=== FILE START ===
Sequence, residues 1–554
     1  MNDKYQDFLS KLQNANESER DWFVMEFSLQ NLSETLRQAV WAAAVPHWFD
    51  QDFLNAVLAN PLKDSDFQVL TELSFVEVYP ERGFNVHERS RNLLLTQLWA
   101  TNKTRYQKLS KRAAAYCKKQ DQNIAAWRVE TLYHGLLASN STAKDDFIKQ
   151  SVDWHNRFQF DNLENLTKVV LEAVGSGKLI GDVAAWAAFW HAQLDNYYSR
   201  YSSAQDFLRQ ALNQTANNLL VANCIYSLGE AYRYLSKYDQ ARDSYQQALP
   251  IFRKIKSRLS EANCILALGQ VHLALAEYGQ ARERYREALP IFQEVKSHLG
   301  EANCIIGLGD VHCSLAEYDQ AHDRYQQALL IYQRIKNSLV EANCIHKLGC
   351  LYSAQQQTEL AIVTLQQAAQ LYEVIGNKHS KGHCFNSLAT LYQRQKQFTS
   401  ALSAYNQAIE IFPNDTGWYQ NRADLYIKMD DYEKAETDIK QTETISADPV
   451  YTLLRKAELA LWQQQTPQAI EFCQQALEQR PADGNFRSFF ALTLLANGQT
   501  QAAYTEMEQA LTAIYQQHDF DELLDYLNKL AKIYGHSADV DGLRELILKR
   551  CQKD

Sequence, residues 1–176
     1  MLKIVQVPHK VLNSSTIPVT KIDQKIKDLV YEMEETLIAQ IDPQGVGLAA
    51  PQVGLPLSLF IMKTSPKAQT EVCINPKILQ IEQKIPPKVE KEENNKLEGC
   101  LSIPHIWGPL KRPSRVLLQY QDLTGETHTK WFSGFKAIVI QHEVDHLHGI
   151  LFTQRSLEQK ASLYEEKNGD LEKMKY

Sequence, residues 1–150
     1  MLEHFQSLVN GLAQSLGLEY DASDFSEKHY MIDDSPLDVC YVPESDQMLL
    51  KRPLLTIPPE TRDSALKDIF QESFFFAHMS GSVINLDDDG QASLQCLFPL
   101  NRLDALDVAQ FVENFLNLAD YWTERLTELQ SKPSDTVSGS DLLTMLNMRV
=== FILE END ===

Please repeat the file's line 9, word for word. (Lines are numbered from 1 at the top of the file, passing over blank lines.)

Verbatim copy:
   351  LYSAQQQTEL AIVTLQQAAQ LYEVIGNKHS KGHCFNSLAT LYQRQKQFTS